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ONA — Cabell Midland assistant baseball coach George Brumfield went to the pitcher’s mound with one objective — to get ejected.

The veteran baseball man wasn’t particularly upset with the umpire Bruce Hensley, but the Knights had just lost a three-run lead and were playing lackluster ball in a must-win sectional tournament game. Brumfield needed to fire up his players. The ploy worked, as Cabell Midland scored five runs in its next at bat on its way to a 12-4 victory.

Brumfield and his son, Tracy, Cabell Midland’s head coach laughed after the game as they relived the bit of baseball wisdom George had displayed.

“As soon as he asked to talk to our pitcher, I knew what he was going to do,” Tracy Brumfield said. “I knew it was over. He was getting run. You do certain things for motivation and that’s what he was doing and we all knew it.”

The Brumfields have combined for 875 victories as head coaches. George won 516 during a 27-year career at Wayne High, landing him in the National High School Baseball Coaches Hall of Fame in 2015. Tracy has won 359 in 17 seasons at Cabell Midland. That total is believed to be the third-highest father-son combination in the state, trailing John Lowery and John Lowery, Jr., of Jefferson and Martinsburg, respectively, and Ted and Eric Ellis of Chapmanville.

Tracy, 52, played for his dad at Wayne, then after graduating from Marshall University, where he played, joined him on the bench. George, 74, became Tracy’s assistant at Cabell Midland in 2006, then spent four seasons as an assistant at Marshall, before returning to the Knights staff in 2011, where he has coached since.

The duo will lead Cabell Midland (17-8) into the Class AAA, Region IV championship best-of-three series beginning at 6 p.m. Monday at Hurricane (28-1).

“He’s taught me everything I know about the game,” Tracy said of George. “He’s taught me the little things that help win ballgames, but also how to treat kids.”

Tracy said he accepts advice from George just as he does fellow assistants Greg Childers, Rodney May, Russ Gaskins and Chris Brumfield, also George’s son and Tracy’s brother. The final call, though, is Tracy’s.

“We’ll differ on occasions,” Tracy said of strategy decisions. “He’s like me in that he knows his role. As an assistant, there’s not as much pressure on you. If something goes wrong, it comes down on the head coach.”

If that particularly something goes wrong and Tracy or George was to blame, there’s little, if any, conversation about it. It certainly doesn’t spill from the dugout onto Sunday dinner. In fact, out of season, the two said they don’t talk much baseball at all.

“He’ll ask what I think, I tell him and whatever he decides is what we do,” Brumfield said of what goes on in the dugout. “I tell him to go with his gut feeling.”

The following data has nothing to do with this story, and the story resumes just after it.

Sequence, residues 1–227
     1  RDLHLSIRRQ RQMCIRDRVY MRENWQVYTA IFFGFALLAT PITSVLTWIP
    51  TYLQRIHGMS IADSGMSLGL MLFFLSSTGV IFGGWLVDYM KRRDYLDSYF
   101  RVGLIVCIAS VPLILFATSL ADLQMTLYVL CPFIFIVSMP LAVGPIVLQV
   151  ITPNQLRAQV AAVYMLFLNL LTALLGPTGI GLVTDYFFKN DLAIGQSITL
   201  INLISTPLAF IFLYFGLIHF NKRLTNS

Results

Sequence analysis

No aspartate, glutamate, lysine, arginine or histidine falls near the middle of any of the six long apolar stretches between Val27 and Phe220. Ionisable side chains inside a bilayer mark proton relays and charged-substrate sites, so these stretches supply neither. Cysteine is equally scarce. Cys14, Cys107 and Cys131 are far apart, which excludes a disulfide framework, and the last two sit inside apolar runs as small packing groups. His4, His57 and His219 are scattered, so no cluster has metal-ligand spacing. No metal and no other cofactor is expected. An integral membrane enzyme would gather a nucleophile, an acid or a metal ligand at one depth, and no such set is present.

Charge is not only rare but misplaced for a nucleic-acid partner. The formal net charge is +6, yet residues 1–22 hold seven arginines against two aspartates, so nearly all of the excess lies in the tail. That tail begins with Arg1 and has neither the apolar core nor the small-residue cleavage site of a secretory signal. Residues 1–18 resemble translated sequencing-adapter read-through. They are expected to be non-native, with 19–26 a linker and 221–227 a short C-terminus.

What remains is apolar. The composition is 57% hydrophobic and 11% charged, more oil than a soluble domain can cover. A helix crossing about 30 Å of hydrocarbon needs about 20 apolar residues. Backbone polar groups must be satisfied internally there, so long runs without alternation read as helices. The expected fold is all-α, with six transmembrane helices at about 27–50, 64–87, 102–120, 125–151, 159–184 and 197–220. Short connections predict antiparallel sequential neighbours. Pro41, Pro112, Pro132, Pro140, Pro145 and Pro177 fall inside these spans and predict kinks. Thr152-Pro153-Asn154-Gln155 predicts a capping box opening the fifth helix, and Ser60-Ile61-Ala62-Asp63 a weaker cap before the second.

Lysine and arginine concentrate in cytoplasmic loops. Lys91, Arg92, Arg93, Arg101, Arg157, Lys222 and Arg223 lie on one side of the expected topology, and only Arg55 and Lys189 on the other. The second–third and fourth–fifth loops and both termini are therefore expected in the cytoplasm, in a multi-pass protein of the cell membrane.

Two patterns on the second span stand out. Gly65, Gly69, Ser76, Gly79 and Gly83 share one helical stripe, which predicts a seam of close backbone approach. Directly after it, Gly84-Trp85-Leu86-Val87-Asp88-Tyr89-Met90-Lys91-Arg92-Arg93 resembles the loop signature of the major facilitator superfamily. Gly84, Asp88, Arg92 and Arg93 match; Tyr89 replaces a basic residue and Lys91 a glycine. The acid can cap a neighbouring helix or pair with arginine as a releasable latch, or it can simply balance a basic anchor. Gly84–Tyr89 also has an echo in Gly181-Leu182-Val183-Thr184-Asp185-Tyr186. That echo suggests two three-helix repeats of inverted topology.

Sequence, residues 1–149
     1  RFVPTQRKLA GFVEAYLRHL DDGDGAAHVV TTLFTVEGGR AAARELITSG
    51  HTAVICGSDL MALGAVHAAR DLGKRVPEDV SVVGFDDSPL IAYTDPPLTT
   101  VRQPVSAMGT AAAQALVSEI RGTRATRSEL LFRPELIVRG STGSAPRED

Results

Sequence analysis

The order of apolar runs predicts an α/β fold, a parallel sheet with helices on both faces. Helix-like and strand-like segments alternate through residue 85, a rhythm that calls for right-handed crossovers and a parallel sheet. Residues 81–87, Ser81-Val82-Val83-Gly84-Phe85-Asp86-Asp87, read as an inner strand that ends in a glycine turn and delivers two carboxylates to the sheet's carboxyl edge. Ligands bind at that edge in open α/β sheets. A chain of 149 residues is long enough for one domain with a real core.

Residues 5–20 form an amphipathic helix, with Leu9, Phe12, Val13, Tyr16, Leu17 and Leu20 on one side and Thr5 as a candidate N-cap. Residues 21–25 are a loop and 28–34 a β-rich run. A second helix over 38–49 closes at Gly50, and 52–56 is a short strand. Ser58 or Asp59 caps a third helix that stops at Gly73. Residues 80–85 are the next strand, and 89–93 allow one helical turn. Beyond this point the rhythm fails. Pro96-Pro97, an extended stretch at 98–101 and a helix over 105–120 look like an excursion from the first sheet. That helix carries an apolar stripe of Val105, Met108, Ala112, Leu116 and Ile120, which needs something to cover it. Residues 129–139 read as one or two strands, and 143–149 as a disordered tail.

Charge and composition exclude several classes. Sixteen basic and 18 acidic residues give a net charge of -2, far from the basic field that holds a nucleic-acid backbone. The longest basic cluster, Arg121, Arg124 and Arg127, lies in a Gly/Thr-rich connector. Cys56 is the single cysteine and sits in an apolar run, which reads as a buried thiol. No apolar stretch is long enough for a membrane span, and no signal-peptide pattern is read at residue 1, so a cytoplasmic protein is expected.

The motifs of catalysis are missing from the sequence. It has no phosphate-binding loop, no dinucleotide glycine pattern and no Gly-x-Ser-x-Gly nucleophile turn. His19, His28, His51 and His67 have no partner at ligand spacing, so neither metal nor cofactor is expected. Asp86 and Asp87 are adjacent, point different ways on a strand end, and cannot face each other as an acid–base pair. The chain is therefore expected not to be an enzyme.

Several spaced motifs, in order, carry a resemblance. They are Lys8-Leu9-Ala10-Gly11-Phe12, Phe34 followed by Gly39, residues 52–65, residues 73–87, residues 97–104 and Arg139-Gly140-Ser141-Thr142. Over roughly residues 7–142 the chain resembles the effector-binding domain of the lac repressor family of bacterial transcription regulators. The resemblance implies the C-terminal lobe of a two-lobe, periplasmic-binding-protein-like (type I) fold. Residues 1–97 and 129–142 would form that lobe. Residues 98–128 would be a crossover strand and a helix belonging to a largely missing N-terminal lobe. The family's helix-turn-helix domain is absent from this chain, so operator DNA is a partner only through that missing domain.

That advice has worked well for both. Wayne made the state championship game eight times and won four, including in 1984 when Tracy scored the winning run in a 5-4 triumph over Magnolia. George said he counts that as the most-special baseball moment involving he and Tracy.

“It’s a lot of fun to be on the same field as my sons,” George said. “It’s fun to interact on the field. We’ve had a lot of success, but we owe it all to the players and those who have coached with us.”

Tracy said his dad taught him how to win, but at least equally as importantly how to deal with failure.

“In baseball, you hit .300 and you’re an all-star,” Tracy said. “In football, complete 3 of 10 passes and you’re on the bench. Shoot 30 percent in basketball and you’re not going to play much.”

Tracy said he didn’t appreciate the difficulty of being a head coach until he became one. That’s when he better understood his dad.

“There’s a big difference,” Tracy said. “As an assistant coach, you might be thinking about one thing. As head coach, it’s like a thousand flash bulbs going off. I never understood that before. You might think, ‘do I bunt? It’s a bunt situation, but this guy’s 5 for 5. Maybe he’s not a good bunter.’ There’s so much that goes into it.”

That’s what makes winning 875 games so impressive. Winning isn’t easy, but both coaches said the memories are worth the struggle. Tracy displays one of those memories in his home, where two pictures hang in the same frame. One photo is of George being ejected by umpire Ed Miller at a game at Vinson. The other is of Tracy being thrown out of a game vs. Scott, also by Miller. The Brumfields laugh about those memories.

Tracy almost didn’t apply for the Cabell Midland job when it opened, saying he figured he didn’t have a chance at the gig at a school of nearly 2,000 students. He was waiting for his dad to retire and hoped to become head coach at Wayne. George told him to go for it. Tracy got the job and soon thereafter the Knights beat Capital 11-0 for the Tracy’s first win. Tracy gave George the game ball.

The Brumfields have coached against one another a few times, including George’s last game at Wayne. Cabell Midland won.

“I was nervous going against Wayne that game, against my dad,” Tracy said. “I wanted to win the game, but it was bittersweet.”

George said he’d have been disappointed had Tracy not tried to win. Either way, the victory would have been a part of an astonishing win total.

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